European and international authors and performers’ organisations from all sectors urge Member States to support the much-needed Article -14 providing for fair and proportionate remuneration for authors and performers in the Directive on Copyright in the Digital Single Market.
Proposed by the European Parliament and backed by a large majority of its members on 12 September, the opening provision in Chapter 3 sets a fundamental guiding principle for the remuneration of authors and performers, which should be fair and proportionate to the potential and actual value of the transferred or licensed rights.
Capital and business in the cultural and creative industries have long enjoyed a dominant position over authors and creators, who are grossly underpaid for their work and can barely sustain a decent living as freelancers or employees. The overall regulatory environment does not adequately protect them, as the weakest party, it mostly supports the industry.
The core value of the copyright licensing system relies on the creativity of authors and performers. Their remuneration should therefore be at the heart of the industries’ business model and not be considered merely as an adjustment variable.
This is what the European Parliament’s Article -14 aims to acknowledge: that authors and performers must get a fair share of the revenues generated by their work. In light of the unbalanced bargaining position of most authors and performers when discussing their terms and conditions of engagement, various mechanisms exist today to warrant their proportionate remuneration across cultural and creative sectors worldwide. The proportionate remuneration of authors and performers and the principle asserting it must encompass all such mechanisms. Art -14 therefore clarifies that, in addition to implementing the principle of fair and proportionate remuneration in contracts, Member States may provide for additional mechanisms, such as collective bargaining agreements, collective rights management or statutory remuneration mechanisms, to collectively protect authors and performers and address the specificities of each sector and category of creators.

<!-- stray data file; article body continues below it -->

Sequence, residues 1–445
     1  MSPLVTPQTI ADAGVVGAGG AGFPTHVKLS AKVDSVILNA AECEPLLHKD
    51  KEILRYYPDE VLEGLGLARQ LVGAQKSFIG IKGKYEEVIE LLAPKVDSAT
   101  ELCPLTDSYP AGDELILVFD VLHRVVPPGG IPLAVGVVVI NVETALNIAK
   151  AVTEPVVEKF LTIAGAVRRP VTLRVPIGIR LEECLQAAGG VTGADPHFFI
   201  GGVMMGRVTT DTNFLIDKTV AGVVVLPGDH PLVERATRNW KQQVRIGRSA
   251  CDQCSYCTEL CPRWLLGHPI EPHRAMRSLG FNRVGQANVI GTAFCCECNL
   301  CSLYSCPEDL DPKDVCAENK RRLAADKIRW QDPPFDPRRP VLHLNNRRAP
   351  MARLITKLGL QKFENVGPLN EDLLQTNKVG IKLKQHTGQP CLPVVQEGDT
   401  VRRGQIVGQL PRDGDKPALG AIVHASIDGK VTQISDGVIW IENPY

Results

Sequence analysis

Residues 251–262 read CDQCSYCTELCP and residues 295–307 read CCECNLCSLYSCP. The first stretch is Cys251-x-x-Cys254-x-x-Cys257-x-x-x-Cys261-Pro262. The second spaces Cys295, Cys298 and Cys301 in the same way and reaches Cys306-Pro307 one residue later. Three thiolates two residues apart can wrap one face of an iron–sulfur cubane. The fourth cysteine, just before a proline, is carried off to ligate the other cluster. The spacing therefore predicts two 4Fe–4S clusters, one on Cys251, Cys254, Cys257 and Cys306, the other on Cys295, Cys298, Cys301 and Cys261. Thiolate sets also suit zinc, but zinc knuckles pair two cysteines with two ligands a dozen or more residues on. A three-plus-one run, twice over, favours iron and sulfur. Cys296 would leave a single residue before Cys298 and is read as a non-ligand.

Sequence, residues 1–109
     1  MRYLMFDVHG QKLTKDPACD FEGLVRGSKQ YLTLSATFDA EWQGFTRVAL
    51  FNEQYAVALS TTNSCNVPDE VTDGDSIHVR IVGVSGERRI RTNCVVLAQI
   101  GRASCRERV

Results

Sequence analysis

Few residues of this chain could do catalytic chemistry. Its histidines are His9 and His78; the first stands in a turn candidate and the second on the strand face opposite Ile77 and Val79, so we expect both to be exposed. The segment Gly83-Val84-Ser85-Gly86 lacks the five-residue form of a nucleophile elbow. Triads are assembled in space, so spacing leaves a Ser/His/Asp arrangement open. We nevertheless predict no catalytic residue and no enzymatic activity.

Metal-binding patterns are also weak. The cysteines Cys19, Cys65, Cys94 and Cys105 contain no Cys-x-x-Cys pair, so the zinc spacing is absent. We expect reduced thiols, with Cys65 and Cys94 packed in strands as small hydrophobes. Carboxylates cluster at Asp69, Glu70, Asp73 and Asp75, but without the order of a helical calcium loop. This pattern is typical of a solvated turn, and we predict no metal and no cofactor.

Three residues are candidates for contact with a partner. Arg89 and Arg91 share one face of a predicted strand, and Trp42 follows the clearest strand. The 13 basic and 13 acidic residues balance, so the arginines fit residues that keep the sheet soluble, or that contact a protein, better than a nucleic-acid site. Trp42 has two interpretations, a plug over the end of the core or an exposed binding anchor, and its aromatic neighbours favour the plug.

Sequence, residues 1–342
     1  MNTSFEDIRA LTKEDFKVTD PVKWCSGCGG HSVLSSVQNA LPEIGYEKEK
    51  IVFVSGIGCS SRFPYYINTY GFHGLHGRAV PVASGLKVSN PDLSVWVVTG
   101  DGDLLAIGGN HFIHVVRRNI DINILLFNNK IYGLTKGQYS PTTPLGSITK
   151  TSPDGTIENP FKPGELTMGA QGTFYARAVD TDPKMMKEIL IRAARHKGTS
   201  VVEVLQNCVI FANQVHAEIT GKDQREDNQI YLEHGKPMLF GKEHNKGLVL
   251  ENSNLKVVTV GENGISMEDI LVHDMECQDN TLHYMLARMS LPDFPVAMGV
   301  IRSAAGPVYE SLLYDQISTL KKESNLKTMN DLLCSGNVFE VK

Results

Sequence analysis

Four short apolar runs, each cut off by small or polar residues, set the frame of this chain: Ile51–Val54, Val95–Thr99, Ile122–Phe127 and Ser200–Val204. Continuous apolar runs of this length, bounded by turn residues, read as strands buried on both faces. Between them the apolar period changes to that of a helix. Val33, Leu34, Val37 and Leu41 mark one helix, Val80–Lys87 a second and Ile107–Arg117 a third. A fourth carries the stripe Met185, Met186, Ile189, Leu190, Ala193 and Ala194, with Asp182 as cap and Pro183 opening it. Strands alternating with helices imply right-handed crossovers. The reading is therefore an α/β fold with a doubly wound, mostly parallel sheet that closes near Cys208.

Establishing common remuneration rules mitigates the potential volume of litigation and provides legal security and economic predictability for the cultural and creative industries. Ensuring a levelplaying field for European authors and performers is also paramount as global content producers are emerging on the European market. It is therefore a future-proof solution both for Europe’s authors and performers and for the industries as a whole, particularly in the online environment.
As strong supporters of the Parliament’s proposal, we reiterate our calls on EU institutions to safeguard Article -14 and caution against the adoption of any legislation that would marginalise authors and performers or deprive them of a fair and proportionate share of the revenue generated by their work.
It is now up to the Council and Member States to actually deliver on previous general statements in favour of authors and performers. It is time to agree, in the trilogue negotiations, on an Article -14 that will strengthen Europe’s creative community and its cultural wealth in the digital era.